0 Share your voice Paleontology 20 Photos Oddities in amber Sci-Tech A spider’s erection, and other cool things trapped in amber The mystery bird is now named Elektorornis chenguangi, with “elektorornis” meaning “amber bird.” It was likely smaller than a sparrow and may’ve used the long toe to pull insects and other delectables out of tree trunks.”It shows that ancient birds were way more diverse than we thought,” said Xing. “They had evolved many different features to adapt to their environments.” Enlarge ImageThis illustration shows what Elektorornis chenguangi might’ve looked like and how it could’ve used its lengthy toes to rustle up num-nums. Zhongda Zhang/Current Biology Amber is the ancient wonder substance that’s brought us a glorious millipede, a spider with a tail, dinosaur-biting ticks and, now, a bizarre bird with toes longer than its lower legs.Scientists were surprised to find the bird foot and its extremely long toe trapped in 99 million-year-old amber from Myanmar, dating from the Cretaceous period. Enlarge ImageThe bird’s leg, foot and left wing tip were trapped in amber millions of years ago. Lida Xing Amber traders originally thought the foot belonged to a lizard that had been trapped and preserved in the sticky tree resin. “Although I’ve never seen a bird claw that looks like this before, I know it’s a bird. Like most birds, this foot has four toes, while lizards have five” Lida Xing of the China University of Geosciences in Beijing said in a press release. Xing is lead author of a paper on the find published Thursday in the journal Current Biology.The research team scanned the foot and created a 3D model to compare to both living and extinct birds. These efforts just proved how utterly weird the foot is. “There is no bird with a similar morphology that could be considered a modern analog for this fossil bird,” said co-author Jingmai O’Connor from the Chinese Academy of Sciences. Tick’s ‘worst day ever’ frozen in amber for 100 million years Tailed spider found in amber will crawl into your nightmares Post a comment Tags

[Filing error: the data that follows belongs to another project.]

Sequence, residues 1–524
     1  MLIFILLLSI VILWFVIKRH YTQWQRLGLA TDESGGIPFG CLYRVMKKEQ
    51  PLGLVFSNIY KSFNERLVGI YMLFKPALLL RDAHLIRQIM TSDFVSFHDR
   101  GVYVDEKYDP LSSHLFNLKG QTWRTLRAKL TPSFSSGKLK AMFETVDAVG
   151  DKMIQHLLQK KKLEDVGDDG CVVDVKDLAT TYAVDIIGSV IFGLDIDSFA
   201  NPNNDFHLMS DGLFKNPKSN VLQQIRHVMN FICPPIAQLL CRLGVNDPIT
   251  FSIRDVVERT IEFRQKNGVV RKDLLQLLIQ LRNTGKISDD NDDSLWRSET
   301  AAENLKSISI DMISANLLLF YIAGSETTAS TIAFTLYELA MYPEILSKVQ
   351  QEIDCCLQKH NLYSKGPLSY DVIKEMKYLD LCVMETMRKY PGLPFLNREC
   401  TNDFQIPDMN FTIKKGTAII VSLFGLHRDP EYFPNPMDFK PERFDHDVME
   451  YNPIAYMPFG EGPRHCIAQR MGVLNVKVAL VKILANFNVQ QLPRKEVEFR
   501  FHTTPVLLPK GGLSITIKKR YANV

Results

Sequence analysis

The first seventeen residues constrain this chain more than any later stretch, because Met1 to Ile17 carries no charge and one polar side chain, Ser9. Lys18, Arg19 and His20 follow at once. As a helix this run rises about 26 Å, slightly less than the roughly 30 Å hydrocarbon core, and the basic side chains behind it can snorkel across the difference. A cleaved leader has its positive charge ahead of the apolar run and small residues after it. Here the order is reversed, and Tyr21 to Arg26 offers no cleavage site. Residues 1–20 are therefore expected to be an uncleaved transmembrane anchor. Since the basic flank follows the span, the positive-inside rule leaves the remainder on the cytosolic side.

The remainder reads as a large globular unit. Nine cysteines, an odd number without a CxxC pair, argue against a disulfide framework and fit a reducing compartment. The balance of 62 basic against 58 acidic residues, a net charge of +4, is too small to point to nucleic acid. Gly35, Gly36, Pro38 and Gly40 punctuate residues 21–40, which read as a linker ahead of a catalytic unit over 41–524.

US ambassador to the United Nations Nikki Haley delivers a speech during a United Nations Security Council meeting on the situation in Palestine at the UN headquarters on 8 December 2017 in New York City. AFPThe United States stood alone Friday as one after another fellow UN Security Council member criticised its decision to recognise Jerusalem as Israel’s capital.The debate unfolded at a largely symbolic emergency meeting of the council-no vote on a resolution was planned, as the US has veto power-two days after president Donald Trump reversed two decades of US policy on the holy city.The meeting was convened by no fewer than eight of the 14 non-US members of the council.This seemed a vivid show of the discord triggered by Trump’s announcement, which included plans to move the US embassy in Israel from Tel Aviv to Jerusalem.Asked what he expected to come from the UN meeting, one diplomat said: “Nothing.” Another said the session would show US “isolation” on the issue.The UN coordinator for the Middle East peace process, Nikolay Mladenov, warned that the US decision could lead to a spiral of violence among the Palestinians and others angered by what Trump has done.Indeed, clashes between Palestinians and Israeli security forces Friday left two person dead after calls for a “day of rage” from the Islamist movement Hamas.The British ambassador to the UN, Matthew Rycroft, said flat out that Britain disagrees with Trump’s move on Jerusalem and the embassy location.“These decisions are unhelpful for the prospects for peace in the region,” Rycroft said.He urged Trump to now come up with detailed proposals for an Israel-Palestinian peace accord, a goal which has eluded the US and the international community for decades.The status of Jerusalem is one of the most hotly contested issues in the Israeli-Palestinian conflict.Israel seized control of the east of the city in 1967 and later annexed it in moves never recognised by the international community.Israel considers the city its undivided capital, but Palestinians believe the east is illegally occupied and see it as the capital of their future state.Five European countries on the council insisted the new US policy is not in line with UN resolutions including one that considers east Jerusalem to be Israeli-occupied.At Friday’s meeting, US ambassador Nikki Haley defended Trump as remaining committed to the peace process and a two state solution if the Israelis and Palestinians choose this.Haley said that in his reversal of US foreign policy, Trump was simply recognising reality, since the Israeli government and parliament are located in Jerusalem.And she recalled that Trump insists his decision has no impact on whatever Israelis and Palestinians ultimately decide on boundaries and borders of the city, which is holy to Muslims, Christians and Jews.“I understand the concerns that members have in calling this session,” Haley said. “Change is hard.”